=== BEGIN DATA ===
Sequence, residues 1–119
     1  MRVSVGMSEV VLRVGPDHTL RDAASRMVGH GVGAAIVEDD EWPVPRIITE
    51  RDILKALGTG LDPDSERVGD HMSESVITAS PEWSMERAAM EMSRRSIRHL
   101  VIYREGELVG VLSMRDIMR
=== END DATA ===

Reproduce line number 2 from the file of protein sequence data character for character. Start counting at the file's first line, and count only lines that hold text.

     1  MRVSVGMSEV VLRVGPDHTL RDAASRMVGH GVGAAIVEDD EWPVPRIITE